24. 28. <ul><li>Angiogenesis can be induced mainly by two methods. </li></ul><ul><li>Either angiogenic proteins or endothelial progenitor cells synthesizing angiogenic growth factors can be injected directly into a site to stimulate blood vessel growth or </li></ul><ul><li>The right genes can be activated to induce a signaling cascade that would lead to angiogenesis. </li></ul><ul><li>The delivery of VEGF or bFGF to the ischemic tissue is the most tried intervention. </li></ul>
  25. 29. <ul><li>Applications </li></ul><ul><li>Peripheral vascular disease </li></ul><ul><li>Chronic wounds </li></ul><ul><li>Stroke </li></ul><ul><li>Cardiac disease </li></ul>
  26. 30. <ul><li>Challenges </li></ul><ul><li>VEGF forms leaky and tortuous vessels is known but the reason/mechanism is still unknown. </li></ul><ul><li>Whether a single or a combination of angiogenic molecules will be required to stimulate 'functional and sustainable' angiogenesis. For example, genetic studies have shown that the VEGF120 isoform alone is able to initiate, but not complete, the angiogenic program </li></ul>
  27. 31. <ul><li>Antiangiogenic therapy </li></ul><ul><li>Antiangiogenesis therapy is one of two types of drugs in a new class of medicines that restores health by controlling blood vessel growth. The other medication is called pro-angiogenic therapy. </li></ul><ul><li>Antiangiogenic therapy inhibits the growth of new blood vessels. </li></ul><ul><li>In many disease conditions, including disorders that cause blindness, arthritis, and cancer, angiogenesis inhibition is a &quot;common denominator&quot; approach to treating these diseases. </li></ul>
  28. 32. <ul><li>Antiangiogenic drugs exert their beneficial effects in a number of ways: </li></ul><ul><li>By disabling the agents that activate and promote cell growth, or </li></ul><ul><li>By directly blocking the growing blood vessel cells. </li></ul><ul><li>Antiangiogenic properties have been discovered in more than 300 substances, ranging from molecules produced naturally in animals and plants, such as green tea extract, to new chemicals synthesized in the laboratory, such as celecoxibe. </li></ul>
  29. 33. <ul><li>Strategies used in antiangiogenic therapy </li></ul><ul><li>In general, five strategies are being used as antiangiogenic therapies by the investigators: </li></ul><ul><li>i) Inhibitors of activated EC </li></ul><ul><li>ii) Inhibitors of EC intracellular signaling </li></ul><ul><li>iii) Inhibitors of ECM remodeling </li></ul><ul><li>iv) Inhibitors of adhesion molecules </li></ul><ul><li>v) Inhibitors of angiogenic mediators or their receptors </li></ul>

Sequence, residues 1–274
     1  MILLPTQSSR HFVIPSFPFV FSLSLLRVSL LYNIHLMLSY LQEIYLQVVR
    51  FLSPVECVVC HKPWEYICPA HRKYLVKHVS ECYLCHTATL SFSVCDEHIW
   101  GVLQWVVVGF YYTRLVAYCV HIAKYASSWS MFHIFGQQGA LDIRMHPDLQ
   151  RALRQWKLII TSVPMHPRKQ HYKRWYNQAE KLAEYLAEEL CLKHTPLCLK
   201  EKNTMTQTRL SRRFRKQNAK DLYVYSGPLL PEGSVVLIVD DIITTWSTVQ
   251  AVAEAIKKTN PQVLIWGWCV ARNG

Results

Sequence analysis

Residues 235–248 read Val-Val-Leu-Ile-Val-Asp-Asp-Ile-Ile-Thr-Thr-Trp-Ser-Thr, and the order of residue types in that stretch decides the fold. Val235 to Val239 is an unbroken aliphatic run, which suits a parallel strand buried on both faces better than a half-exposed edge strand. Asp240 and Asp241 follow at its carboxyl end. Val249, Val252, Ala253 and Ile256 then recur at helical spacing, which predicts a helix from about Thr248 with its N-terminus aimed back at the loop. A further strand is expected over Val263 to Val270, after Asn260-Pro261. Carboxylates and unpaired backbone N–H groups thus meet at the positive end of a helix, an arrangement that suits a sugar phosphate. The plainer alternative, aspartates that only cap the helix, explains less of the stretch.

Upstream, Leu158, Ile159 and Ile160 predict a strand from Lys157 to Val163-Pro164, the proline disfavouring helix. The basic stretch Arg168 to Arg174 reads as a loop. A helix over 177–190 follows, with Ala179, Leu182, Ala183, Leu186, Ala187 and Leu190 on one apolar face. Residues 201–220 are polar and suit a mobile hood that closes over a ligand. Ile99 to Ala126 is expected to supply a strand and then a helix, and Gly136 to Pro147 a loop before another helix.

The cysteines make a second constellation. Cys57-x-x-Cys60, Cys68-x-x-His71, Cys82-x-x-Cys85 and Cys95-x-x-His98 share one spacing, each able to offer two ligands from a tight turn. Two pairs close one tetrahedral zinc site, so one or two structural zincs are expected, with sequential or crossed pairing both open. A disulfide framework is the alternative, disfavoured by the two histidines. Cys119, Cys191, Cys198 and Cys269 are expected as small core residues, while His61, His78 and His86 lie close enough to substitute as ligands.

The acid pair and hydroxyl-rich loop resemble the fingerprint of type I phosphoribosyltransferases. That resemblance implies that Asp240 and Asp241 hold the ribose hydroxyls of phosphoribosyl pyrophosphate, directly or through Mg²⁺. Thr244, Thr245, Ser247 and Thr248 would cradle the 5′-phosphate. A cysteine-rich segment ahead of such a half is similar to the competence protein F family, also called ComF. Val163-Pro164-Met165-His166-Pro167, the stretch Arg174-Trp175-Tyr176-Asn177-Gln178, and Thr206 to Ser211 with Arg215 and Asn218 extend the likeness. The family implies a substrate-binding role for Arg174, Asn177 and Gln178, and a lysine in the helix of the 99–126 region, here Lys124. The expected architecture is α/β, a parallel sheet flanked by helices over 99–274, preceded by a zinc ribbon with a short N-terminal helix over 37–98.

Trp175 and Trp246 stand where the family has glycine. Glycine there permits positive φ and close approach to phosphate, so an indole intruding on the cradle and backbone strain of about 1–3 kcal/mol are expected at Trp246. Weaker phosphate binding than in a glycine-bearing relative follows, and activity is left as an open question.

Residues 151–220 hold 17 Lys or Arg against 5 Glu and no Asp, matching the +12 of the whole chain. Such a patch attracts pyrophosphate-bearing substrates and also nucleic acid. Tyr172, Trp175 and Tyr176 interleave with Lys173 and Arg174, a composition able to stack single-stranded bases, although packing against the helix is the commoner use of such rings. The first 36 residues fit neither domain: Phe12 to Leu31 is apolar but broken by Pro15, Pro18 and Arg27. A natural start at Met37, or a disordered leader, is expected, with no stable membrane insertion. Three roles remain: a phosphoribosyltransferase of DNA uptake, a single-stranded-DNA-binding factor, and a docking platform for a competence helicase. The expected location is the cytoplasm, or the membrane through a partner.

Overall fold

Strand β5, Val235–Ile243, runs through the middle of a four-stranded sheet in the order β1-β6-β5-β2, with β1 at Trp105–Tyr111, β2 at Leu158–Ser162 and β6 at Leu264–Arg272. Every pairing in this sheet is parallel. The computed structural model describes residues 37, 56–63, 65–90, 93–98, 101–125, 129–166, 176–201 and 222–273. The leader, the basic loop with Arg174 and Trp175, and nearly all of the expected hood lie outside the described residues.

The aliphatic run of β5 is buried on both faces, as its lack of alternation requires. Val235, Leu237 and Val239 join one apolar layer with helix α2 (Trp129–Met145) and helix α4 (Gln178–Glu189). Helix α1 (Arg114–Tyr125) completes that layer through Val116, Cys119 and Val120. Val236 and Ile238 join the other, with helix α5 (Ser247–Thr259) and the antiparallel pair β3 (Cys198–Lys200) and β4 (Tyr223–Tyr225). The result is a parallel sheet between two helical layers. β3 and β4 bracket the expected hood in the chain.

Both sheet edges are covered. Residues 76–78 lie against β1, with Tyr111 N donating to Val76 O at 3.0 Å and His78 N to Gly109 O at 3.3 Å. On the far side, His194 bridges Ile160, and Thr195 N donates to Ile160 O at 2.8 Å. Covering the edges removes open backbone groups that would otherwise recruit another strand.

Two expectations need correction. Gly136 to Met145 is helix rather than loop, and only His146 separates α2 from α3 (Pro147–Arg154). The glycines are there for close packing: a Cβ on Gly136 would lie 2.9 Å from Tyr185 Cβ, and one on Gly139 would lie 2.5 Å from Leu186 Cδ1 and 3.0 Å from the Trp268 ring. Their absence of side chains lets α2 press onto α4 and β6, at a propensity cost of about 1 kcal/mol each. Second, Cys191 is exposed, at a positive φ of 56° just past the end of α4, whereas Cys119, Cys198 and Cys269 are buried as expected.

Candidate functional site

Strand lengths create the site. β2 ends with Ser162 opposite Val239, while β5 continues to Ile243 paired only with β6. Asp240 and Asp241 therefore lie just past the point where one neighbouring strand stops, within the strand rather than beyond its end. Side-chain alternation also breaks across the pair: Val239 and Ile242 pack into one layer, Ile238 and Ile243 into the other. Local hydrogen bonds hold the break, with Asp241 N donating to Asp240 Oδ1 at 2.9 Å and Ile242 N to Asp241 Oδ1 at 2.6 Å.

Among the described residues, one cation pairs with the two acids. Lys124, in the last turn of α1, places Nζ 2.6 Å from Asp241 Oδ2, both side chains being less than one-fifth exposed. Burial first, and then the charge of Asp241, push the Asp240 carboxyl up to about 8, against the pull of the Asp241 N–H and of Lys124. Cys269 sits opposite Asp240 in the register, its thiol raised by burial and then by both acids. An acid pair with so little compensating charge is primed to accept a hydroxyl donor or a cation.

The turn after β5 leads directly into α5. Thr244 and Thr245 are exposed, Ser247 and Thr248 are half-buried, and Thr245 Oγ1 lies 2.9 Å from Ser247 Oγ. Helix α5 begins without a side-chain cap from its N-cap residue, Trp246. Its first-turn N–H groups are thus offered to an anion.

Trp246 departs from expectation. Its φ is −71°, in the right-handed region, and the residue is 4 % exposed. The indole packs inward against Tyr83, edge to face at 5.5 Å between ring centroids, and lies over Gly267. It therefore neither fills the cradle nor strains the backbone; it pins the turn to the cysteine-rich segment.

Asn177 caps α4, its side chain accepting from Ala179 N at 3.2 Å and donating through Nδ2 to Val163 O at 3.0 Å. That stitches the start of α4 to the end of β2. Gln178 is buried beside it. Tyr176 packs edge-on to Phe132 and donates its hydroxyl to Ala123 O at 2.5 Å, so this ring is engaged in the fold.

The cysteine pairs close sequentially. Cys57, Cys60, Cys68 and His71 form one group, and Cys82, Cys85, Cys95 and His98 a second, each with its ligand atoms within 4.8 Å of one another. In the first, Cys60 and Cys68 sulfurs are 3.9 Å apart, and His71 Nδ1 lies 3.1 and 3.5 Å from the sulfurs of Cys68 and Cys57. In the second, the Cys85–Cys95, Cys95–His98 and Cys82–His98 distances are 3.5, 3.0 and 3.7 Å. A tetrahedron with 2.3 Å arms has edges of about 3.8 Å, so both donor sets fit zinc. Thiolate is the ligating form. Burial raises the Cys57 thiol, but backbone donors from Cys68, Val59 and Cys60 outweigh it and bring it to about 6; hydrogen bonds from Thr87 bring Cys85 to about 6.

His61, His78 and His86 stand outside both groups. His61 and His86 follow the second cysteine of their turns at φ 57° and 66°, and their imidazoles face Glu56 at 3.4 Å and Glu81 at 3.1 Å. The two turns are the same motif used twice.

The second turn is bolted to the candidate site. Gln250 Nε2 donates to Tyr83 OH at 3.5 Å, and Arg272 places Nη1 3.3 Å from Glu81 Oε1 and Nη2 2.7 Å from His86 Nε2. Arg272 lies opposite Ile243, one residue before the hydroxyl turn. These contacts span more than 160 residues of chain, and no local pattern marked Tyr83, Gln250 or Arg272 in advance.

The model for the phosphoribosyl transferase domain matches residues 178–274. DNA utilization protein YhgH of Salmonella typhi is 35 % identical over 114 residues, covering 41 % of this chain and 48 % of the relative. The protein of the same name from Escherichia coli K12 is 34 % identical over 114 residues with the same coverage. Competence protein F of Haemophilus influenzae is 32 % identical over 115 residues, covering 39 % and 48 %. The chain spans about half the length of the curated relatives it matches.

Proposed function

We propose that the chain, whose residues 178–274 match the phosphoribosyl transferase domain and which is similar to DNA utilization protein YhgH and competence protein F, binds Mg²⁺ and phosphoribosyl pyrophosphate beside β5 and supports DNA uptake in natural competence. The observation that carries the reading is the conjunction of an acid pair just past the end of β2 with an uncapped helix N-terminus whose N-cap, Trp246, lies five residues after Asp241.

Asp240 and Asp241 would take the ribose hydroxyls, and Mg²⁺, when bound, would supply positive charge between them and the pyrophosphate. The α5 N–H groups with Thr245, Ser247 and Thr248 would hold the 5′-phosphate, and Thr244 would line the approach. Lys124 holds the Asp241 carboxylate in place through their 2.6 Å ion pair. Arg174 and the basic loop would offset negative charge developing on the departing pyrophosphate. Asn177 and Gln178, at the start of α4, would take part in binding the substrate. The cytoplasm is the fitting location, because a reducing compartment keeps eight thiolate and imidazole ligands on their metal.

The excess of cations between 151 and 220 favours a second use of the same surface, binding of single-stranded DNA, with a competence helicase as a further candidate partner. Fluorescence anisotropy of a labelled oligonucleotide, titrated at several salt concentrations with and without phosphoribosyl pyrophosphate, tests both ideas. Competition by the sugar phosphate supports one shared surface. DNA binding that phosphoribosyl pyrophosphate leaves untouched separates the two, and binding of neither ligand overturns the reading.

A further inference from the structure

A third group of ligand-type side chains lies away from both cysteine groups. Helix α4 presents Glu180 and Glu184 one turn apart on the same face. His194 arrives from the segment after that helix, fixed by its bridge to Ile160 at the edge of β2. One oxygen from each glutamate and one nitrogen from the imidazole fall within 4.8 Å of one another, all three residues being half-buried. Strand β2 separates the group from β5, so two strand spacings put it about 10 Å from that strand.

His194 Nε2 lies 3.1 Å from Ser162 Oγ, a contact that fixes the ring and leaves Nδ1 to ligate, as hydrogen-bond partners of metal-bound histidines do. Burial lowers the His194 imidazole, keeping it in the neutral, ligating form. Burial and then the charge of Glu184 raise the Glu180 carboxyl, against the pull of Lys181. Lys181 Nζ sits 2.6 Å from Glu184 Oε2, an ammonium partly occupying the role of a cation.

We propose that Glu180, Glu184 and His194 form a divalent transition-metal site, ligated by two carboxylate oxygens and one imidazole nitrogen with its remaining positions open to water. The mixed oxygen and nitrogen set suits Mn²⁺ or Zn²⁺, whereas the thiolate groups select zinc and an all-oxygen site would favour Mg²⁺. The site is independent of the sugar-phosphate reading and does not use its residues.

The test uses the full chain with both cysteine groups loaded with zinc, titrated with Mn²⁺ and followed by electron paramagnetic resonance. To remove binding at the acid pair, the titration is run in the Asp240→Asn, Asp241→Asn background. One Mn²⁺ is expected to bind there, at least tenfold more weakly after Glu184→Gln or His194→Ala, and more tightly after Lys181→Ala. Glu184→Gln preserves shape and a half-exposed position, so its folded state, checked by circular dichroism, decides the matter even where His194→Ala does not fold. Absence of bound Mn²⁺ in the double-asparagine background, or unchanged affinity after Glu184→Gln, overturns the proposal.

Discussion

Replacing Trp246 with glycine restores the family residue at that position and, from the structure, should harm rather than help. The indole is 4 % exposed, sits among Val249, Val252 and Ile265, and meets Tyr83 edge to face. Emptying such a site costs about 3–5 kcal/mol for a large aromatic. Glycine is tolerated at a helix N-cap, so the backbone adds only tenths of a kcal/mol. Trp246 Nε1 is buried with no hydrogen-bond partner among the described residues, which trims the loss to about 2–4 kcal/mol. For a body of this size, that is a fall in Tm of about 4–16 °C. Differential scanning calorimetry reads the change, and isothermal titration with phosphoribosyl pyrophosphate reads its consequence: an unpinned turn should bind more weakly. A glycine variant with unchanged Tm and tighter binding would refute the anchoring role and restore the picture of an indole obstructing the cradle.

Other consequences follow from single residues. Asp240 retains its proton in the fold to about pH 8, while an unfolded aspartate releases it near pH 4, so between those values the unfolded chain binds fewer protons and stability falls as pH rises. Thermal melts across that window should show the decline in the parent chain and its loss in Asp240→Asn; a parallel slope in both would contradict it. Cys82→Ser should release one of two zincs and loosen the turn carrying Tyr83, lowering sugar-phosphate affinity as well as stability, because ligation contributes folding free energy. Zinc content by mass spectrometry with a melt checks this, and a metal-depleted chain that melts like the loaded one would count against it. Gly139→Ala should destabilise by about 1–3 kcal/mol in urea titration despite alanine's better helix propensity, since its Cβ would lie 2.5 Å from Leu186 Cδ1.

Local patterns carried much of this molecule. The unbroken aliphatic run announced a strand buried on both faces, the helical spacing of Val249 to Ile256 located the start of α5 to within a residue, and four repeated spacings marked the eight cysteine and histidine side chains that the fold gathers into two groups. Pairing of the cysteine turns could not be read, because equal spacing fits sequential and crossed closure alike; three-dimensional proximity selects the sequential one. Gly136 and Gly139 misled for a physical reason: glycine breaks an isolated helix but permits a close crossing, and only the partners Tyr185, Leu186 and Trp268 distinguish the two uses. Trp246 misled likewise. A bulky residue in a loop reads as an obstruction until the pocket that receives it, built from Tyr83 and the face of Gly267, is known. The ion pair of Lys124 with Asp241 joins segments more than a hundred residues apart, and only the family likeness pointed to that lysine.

30. 34. <ul><li>Applications </li></ul><ul><li>Ocular diseases </li></ul><ul><li>Rheumatoid arthritis </li></ul><ul><li>Cancer </li></ul>
  31. 35. <ul><li>Challenges </li></ul><ul><li>The long-term side effects of many antiangiogenic therapies are not known. </li></ul><ul><li>Many tumors do not 'shrink' during various antiangiogenic therapies. Thus, new imaging methods are needed to monitor vascular function and a therapeutic response in patients. </li></ul><ul><li>The angiogenic response may depend on the individual genetic constitution; hence, the administration of agents should be based on the biology of the individual, to generate maximum therapeutic benefit. </li></ul><ul><li>Since antiangiogenesis drugs could affect a developing fetus, they will probably not be used for pregnant women </li></ul>
  32. 36. <ul><li>Summary </li></ul><ul><li>Angiogenesis is a physiological process involving the growth of new blood vessels from pre-existing vessels. </li></ul><ul><li>The vascular network formation consists of multiple coordinated, sequential, and interdependent steps mediated by a wide range of angiogenic factors, including growth factors, chemokines, angiogenic enzymes, endothelial specific receptors, and adhesion molecules. </li></ul>
  33. 37. <ul><li>The angiogenic process is divided broadly into three major steps including the initiation of the angiogenic response, endothelial cell (EC) migration, proliferation and tube formation, and finally the maturation of the neovasculature. </li></ul><ul><li>The healthy body controls angiogenesis through a series of &quot;on&quot; and &quot;off&quot; switches: </li></ul><ul><li>The main &quot;on&quot; switches are known as angiogenesis-stimulating growth factors </li></ul><ul><li>The main &quot;off switches&quot; are known as angiogenesis inhibitors </li></ul>
  34. 38. <ul><li>In many serious disease states, the body loses control over angiogenesis. Angiogenesis dependent diseases result when new blood vessels either grow excessively or insufficiently. </li></ul><ul><li>Insufficient angiogenesis is characteristic of many disorders, including ischemic tissue injury or cardiac failure, where angiogenesis should be enhanced to improve the disease condition, which is known as Therapeutic angiogenesis. </li></ul><ul><li>Excessive vascular growth contributes to numerous disorders, and the list is growing rapidly. Cancer, arthritis, psoriasis, and blinding retinopathy are already known disorders associated with excess angiogenesis, where angiogenesis should be suppressed to improve the disease condition, which is known as Antiangiogenesis therapy. </li></ul>